Ninety-Nine Fire Hoops: Winner of the 2022 Shelf Unbound Competition for Best Independently Published Book

Ninety-Nine Fire Hoops

Ninety-Nine Fire Hoops

Allison Hong is not your typical fifteen-year old Taiwanese girl. Unwilling to bend to the conditioning of her Chinese culture, which demands that women submit to men’s will, she disobeys her father’s demand to stay in their faith tradition, Buddhism, and instead joins the Church of Jesus Christ of Latter-day Saints. Then, six years later, she drops out of college to serve a mission—a decision for which her father disowns her. After serving her mission in Taiwan, twenty two-year-old Allison marries her Chinese speaking American boyfriend, Cameron Chastain. But sixteen months later, Allison returns home to their Texas apartment and is shocked to discover that, in her two hour absence, Cameron has taken all the money, moved out, and filed for divorce. Desperate for love and acceptance, Allison moves to Utah and enlists in an imaginary, unforgiving dating war against the bachelorettes at Brigham Young University, where the rules don’t make sense—and winning isn’t what she thought it would be.

About the Author

Allison was born and raised in Taiwan and arrived in the U.S. at age twenty-two as a university student. That’s when she realized her school English wasn’t much help when asking for directions on the street or opening a bank account. By recording each of the classes she took––including physical education––and reviewing the tape every night for a year, she eventually learned English well enough to earn an MFA in Writing from Vermont College of Fine Arts. But please excuse her if she misuses the verb tenses or mixes up the genders in third-person pronouns when she speaks. It’s no secret––English is a hard language to learn.



AHM: I was born and raised in Taiwan and came to the U.S. at twenty-two as a university student. That’s when I realized my school English wasn’t much help when asking for directions on the street or opening a bank account. By recording each of the classes I took and reviewing the tape every night for a year, I eventually learned English well enough to earn an MFA from Vermont College of Fine Arts. But please excuse me if I misuse verb tenses or mix up genders in third-person pronouns when I speak. It’s no secret––English is hard to learn.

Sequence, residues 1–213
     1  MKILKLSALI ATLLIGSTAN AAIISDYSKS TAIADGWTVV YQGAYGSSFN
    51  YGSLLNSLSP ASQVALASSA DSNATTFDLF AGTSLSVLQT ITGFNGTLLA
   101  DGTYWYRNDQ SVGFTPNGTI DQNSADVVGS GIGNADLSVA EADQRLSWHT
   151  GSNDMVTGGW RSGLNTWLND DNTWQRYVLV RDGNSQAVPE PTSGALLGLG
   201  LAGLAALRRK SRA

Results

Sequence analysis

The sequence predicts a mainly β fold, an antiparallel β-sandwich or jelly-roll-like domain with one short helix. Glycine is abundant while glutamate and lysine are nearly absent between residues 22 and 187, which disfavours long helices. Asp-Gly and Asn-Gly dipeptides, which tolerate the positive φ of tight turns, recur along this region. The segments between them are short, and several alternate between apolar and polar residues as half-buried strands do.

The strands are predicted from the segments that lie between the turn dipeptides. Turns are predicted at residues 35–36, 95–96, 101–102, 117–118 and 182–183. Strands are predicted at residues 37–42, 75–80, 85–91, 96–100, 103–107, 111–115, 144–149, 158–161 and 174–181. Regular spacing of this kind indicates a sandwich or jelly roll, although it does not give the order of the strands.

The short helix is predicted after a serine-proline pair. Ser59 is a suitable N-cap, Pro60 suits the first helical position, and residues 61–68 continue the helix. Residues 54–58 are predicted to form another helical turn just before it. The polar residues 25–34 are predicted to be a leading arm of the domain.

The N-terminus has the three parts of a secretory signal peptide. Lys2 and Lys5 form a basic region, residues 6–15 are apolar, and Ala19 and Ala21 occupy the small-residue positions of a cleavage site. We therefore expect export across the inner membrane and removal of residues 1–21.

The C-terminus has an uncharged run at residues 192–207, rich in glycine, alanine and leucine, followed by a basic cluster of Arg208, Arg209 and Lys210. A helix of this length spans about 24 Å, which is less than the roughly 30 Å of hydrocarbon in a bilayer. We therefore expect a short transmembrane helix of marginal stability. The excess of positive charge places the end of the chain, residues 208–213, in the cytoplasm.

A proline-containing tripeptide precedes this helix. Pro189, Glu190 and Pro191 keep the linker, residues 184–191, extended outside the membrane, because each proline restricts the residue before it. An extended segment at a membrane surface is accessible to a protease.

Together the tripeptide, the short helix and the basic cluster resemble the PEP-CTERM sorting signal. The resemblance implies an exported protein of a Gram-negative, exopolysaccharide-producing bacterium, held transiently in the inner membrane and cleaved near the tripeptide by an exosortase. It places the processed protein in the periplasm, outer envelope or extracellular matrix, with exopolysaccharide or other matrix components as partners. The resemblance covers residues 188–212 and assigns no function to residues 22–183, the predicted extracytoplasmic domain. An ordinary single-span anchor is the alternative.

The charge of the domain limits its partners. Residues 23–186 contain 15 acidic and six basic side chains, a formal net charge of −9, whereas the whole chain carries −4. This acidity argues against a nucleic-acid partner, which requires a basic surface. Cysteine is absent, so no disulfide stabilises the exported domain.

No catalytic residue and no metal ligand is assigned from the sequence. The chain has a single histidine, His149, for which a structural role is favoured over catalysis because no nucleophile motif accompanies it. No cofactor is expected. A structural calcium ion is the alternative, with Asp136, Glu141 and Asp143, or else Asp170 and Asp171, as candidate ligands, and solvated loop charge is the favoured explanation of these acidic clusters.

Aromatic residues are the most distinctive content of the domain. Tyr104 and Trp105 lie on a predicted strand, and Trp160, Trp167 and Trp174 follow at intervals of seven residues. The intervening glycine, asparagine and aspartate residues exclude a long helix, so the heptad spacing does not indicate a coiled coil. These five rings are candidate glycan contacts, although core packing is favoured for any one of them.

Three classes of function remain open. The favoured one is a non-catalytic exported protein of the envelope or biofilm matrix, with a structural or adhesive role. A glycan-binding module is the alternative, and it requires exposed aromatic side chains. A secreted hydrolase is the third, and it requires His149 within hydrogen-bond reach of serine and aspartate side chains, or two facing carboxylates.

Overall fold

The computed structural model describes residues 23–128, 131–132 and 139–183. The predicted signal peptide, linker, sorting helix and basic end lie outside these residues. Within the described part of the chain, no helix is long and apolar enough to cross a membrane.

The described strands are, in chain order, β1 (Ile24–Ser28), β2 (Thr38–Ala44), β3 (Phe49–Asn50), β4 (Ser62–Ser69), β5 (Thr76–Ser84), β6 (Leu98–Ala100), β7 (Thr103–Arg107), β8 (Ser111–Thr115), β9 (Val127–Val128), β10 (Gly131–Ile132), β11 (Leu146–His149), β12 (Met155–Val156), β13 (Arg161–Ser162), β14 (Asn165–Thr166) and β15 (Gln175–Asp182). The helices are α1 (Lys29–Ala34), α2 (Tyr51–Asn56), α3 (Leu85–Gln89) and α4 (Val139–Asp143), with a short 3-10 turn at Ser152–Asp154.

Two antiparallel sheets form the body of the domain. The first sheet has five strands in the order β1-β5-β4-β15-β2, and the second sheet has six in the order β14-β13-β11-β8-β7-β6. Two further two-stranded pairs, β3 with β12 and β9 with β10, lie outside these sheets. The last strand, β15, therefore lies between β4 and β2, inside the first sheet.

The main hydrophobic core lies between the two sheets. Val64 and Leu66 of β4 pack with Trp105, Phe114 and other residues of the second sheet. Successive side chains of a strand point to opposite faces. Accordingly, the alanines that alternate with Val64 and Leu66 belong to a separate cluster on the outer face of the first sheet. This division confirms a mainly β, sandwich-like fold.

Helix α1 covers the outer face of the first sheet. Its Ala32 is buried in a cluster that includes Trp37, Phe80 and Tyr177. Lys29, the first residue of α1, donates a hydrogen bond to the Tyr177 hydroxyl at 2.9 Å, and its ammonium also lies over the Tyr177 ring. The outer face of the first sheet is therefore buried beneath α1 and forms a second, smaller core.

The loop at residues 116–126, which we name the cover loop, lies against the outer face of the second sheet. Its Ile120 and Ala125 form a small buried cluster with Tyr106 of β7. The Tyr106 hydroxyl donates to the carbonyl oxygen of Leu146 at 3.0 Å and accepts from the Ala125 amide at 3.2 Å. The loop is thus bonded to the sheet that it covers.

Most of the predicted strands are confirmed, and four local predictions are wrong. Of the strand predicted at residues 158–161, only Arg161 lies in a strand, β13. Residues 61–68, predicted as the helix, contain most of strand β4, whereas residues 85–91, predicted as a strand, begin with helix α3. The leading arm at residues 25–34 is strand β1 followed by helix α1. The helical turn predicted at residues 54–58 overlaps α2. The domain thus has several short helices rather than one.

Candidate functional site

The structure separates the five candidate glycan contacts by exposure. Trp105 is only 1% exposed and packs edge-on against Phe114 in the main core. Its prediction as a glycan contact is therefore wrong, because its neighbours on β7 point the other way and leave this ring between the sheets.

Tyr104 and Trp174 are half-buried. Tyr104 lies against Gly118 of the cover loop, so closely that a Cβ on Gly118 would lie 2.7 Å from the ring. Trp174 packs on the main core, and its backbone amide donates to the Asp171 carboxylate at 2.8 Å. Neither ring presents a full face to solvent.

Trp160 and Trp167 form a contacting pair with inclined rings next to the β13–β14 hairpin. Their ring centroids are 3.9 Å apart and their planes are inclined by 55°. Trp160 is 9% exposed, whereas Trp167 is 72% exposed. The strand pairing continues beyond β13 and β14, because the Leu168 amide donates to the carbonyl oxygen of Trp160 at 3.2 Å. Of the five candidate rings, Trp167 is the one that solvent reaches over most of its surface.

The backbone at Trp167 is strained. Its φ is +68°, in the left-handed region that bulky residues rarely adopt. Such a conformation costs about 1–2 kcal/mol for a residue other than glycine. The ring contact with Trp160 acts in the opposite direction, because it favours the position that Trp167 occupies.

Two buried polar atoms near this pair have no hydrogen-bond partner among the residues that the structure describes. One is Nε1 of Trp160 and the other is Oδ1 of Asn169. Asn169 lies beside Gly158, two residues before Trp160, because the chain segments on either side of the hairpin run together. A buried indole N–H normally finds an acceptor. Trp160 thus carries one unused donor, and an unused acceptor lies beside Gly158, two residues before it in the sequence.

With a reading disorder, I write in both Chinese and English, both fiction and creative nonfiction, which means I spend a lot of time looking up words on My work appears in The New York Times and has won both national and international literary awards. I’m a keynote speaker, an instructor, and a panelist at various writer’s conferences nationwide and in Asia. I also appear on TV, radio, and podcasts; in magazines, newspapers, and journals. Ninety-Nine Fire Hoops is my debut memoir.

Tell us a little bit about your memoir Ninety-Nine Fire Hoops.

AHM: Ninety-Nine Fire Hoops has similar themes as Tara Westover’s Educated and Frank McCourt’s Angela’s Ashes. It’s about the power of choice, illustrated by my experience as a Taiwanese immigrant bride––disowned by my father, abandoned by my American husband, and inarticulate in English––determined to create my own destiny in a foreign country.

Did you always know you were going to write your story?

AHM: Yes and no. I struggle with a reading disorder, so reading and writing are hard work for me. But I had always wanted to tell my story. My husband and I have three sons together. When they were little, I told them my childhood experiences in Taiwan. It was a special bonding time as we laughed together at the silly things I did as a kid. In 2006, one night, out of nowhere, a thought came to me that I should write a memoir, a gift to my children, a legacy project. Looking back, I understand that for someone with a reading disorder to write a book in a foreign language, it must have been a calling. I answered that call. Sixteen years later, here I am–– grateful, grateful, and grateful for the opportunity to tell my story.